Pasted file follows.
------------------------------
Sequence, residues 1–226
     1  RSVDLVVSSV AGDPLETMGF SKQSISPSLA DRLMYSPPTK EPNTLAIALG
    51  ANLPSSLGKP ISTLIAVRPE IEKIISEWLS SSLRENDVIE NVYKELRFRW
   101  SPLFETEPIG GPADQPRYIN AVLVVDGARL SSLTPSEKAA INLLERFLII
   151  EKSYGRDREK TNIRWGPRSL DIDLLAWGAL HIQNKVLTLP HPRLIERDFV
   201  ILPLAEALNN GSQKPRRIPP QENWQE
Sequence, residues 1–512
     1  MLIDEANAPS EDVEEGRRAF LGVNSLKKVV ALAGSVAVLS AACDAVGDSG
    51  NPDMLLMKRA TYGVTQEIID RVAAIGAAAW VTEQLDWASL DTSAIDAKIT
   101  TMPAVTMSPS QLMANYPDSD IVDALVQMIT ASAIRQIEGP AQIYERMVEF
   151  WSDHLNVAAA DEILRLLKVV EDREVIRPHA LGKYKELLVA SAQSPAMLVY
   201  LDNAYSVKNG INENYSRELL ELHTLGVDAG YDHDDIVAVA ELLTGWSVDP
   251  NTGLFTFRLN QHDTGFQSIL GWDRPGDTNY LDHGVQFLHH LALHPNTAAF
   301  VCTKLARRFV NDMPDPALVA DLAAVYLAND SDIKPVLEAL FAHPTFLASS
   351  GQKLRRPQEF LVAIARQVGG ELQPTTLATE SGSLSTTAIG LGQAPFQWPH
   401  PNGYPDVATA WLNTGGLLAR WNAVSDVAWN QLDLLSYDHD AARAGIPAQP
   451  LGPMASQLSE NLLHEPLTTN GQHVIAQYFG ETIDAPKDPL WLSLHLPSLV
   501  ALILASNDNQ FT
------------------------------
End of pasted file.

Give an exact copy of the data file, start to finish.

Sequence, residues 1–226
     1  RSVDLVVSSV AGDPLETMGF SKQSISPSLA DRLMYSPPTK EPNTLAIALG
    51  ANLPSSLGKP ISTLIAVRPE IEKIISEWLS SSLRENDVIE NVYKELRFRW
   101  SPLFETEPIG GPADQPRYIN AVLVVDGARL SSLTPSEKAA INLLERFLII
   151  EKSYGRDREK TNIRWGPRSL DIDLLAWGAL HIQNKVLTLP HPRLIERDFV
   201  ILPLAEALNN GSQKPRRIPP QENWQE
Sequence, residues 1–512
     1  MLIDEANAPS EDVEEGRRAF LGVNSLKKVV ALAGSVAVLS AACDAVGDSG
    51  NPDMLLMKRA TYGVTQEIID RVAAIGAAAW VTEQLDWASL DTSAIDAKIT
   101  TMPAVTMSPS QLMANYPDSD IVDALVQMIT ASAIRQIEGP AQIYERMVEF
   151  WSDHLNVAAA DEILRLLKVV EDREVIRPHA LGKYKELLVA SAQSPAMLVY
   201  LDNAYSVKNG INENYSRELL ELHTLGVDAG YDHDDIVAVA ELLTGWSVDP
   251  NTGLFTFRLN QHDTGFQSIL GWDRPGDTNY LDHGVQFLHH LALHPNTAAF
   301  VCTKLARRFV NDMPDPALVA DLAAVYLAND SDIKPVLEAL FAHPTFLASS
   351  GQKLRRPQEF LVAIARQVGG ELQPTTLATE SGSLSTTAIG LGQAPFQWPH
   401  PNGYPDVATA WLNTGGLLAR WNAVSDVAWN QLDLLSYDHD AARAGIPAQP
   451  LGPMASQLSE NLLHEPLTTN GQHVIAQYFG ETIDAPKDPL WLSLHLPSLV
   501  ALILASNDNQ FT